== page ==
Yes! The telecoms industry is the poster child of success, that totem of hope under a climate of economic gloom. Unfortunately too, its success is become its Albatross. There is considerable attention on the sector by government not necessarily to positively grow it but to squeeze it repeatedly and ravenously not minding that it could be potentially squeezed to extinction.

This is why, for good reasons, the Minister of the Communications and Digital Economy, Prof. Isa Ali Ibrahim Pantami, is worried and has challenged the decision to implement the telecoms tax influenced by the Ministry of Finance, Budget and National Planning led by Dr. Zainab Shamsuna Ahmed.

The telecom sector is apprehensive. For a sector that has grown in leaps and bounds in spite of several challenges, the 5% tax is an additional burden. It becomes more worrisome to stakeholders considering the rising cost of doing telecoms business just as is the case in other sectors.

The cost of producing a millisecond of voice or a byte of data is far higher in Nigeria than in many other countries because government policies and the general economic climate including high cost of diesel have connived to ensure operators can only provide services at higher costs.

With more than 53,460 3G and 4G BTS deployed nationwide to keep the network functional 24/7, telecom infrastructure owners need diesel which is now scarce and costly by over 5000% to feed at least two power generators for a single BTS. Do the mathematics; the cost of producing one minute of call in Lagos is far higher than in Accra. Consumers ultimately bear this cost.

A harassed telecoms sector

The industry is still contending with a myriad of taxes, levies across the states and is just beginning to get succor after decades of battling issues around right of way (RoW) in all the 36 states.

Then, there is the issue of rising insecurity. The increasing cases of vandalisation of telecoms infrastructure country-wide and risk to safety of telecoms personnel. It is not getting any better for network operators.

Earlier in the year, operators suggested increasing tariffs by up to 40% on telecoms services to reflect market realities. The telecoms regulatory agency turned down the request. On the surface, it would appear the Nigerian Communications Commission (NCC) is more concerned about the possible negative impact of the tariff increase on consumers and other sectors than the genuine challenges of the operators.

But in a deeper sense, the regulator was not going to allow inflation of an already vulnerable economy and not within a sector directly under its purview.

As it is now, the finance ministry, hungry for money and desperate to close budget gaps, has gotten the presidential nod to execute what the telecoms regulator was not amenable to. Has the chicken come to roost for already overwhelmed operators and consumers? Minister Pantami thinks so. He does not buy the suasion to further tax the sector.

Taxing the poor, pampering the rich

Telecoms will ultimately get additionally taxed. For the ministry of finance, there is no going back  However, what is somewhat perplexing is why government is looking less at taxing the super-rich and the well-to-do or the army of ‘wanna-be’in the realm of exaggerated wealth for which many Nigerians are known. Why should luxury tax applies only to Fanta and Pepsi or Seven Up that the poor man struggles to drink or the Trophy beer many poor people use to drown away the evil visited upon them by a government that seeks to further distance itself from the pains of the poor?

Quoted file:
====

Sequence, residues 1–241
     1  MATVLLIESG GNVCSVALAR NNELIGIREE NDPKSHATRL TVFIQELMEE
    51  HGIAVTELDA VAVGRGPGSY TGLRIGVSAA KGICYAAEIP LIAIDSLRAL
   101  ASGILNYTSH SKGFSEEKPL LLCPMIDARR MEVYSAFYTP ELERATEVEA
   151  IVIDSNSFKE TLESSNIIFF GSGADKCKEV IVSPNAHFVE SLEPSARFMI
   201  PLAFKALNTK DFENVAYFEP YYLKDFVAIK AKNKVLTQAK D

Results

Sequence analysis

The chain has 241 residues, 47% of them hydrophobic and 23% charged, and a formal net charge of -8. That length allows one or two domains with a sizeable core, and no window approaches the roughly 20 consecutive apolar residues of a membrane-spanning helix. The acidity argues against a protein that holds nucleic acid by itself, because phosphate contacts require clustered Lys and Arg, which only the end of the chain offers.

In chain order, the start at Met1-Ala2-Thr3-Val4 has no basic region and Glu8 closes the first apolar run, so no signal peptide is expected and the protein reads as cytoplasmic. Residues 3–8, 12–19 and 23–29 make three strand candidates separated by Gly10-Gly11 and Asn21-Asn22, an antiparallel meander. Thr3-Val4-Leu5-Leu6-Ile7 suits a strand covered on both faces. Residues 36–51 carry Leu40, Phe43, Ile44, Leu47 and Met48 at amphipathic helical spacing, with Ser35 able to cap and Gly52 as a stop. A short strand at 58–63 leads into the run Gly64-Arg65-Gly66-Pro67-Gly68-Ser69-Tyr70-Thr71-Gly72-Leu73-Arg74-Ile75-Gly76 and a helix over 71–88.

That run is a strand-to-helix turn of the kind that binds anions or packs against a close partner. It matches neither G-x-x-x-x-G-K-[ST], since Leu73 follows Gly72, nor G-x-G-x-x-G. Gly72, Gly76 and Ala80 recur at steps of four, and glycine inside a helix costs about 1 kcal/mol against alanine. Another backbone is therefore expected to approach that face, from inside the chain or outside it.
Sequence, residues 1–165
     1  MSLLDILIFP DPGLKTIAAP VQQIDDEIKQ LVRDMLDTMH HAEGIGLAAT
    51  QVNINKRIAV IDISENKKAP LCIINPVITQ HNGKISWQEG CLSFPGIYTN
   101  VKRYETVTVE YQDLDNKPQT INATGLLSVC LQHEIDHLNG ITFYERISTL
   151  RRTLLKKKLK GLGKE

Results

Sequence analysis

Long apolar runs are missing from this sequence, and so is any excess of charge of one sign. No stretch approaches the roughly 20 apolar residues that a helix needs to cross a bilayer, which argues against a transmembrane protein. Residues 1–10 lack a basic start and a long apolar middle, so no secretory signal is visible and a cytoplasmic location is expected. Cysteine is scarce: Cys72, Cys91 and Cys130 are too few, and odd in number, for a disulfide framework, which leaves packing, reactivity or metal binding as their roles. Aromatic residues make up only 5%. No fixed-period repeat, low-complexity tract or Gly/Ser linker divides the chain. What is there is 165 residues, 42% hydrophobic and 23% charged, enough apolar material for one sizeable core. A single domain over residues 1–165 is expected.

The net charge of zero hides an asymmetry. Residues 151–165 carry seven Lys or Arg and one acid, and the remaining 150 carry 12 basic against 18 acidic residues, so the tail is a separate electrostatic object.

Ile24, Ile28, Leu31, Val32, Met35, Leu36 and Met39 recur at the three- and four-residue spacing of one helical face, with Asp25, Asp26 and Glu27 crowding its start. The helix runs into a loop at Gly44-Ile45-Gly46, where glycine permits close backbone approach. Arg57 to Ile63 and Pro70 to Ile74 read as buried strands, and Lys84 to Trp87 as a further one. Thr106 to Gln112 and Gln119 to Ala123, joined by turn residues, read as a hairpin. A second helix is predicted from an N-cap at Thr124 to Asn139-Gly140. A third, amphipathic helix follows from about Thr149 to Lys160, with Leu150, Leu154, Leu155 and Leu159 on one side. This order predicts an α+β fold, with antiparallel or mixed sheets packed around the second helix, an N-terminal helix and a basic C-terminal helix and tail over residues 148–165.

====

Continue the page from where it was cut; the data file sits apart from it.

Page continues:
Why leave taxing the luxury homes in Abuja, Lagos, Port Harcourt, Kaduna and elsewhere in the country; the luxury vehicles and super-bikes; and the general activities of the rich to go after the throats of the poor?

While government dither over creating right environment for an innovative economy, the telecoms sector has inspired other industries to become more economically dynamic and to help foster a new generation of new ventures and entrepreneurs – all private sector led and all definers of a greater Nigeria.

Have you ever used the services of a fintech entrepreneur providing unique financial services driven by telecom infrastructures; or the thousands of Nigerians operating POS services (including that barber and Mama Put); or those new breed entrepreneurs delivering agricultural and other products directly to your home via orders made through Whatsapp or other social media handles in a redefinition of low-profile eCommerce?

These are among the people that will suffer the direct impact of the telecoms tax while the property owner in Abuja or owner of posh sport car continue to luxuriate in an economic bubble underwritten by a broke country.

Government must get more creative at expanding its tax frontiers. When you introduce property levies, it is likely that owners of multiple properties will rather lower the cost of rent to ensure the properties are not empty if only to raise enough money in order to pay the statutory annual levies.

Why is it easier to levy the poor than the luxurious pleasure of the super-rich? Government has an obligation to protect the poor; and not over-burden an industry that directly impacts on their wellbeing. Government has a duty to tax but it must rethink its tax model to not kill the donkey that helps in plowing the field. The telecoms sector deserves to be supported and promoted not taxed to death. Certainly not at a time like this.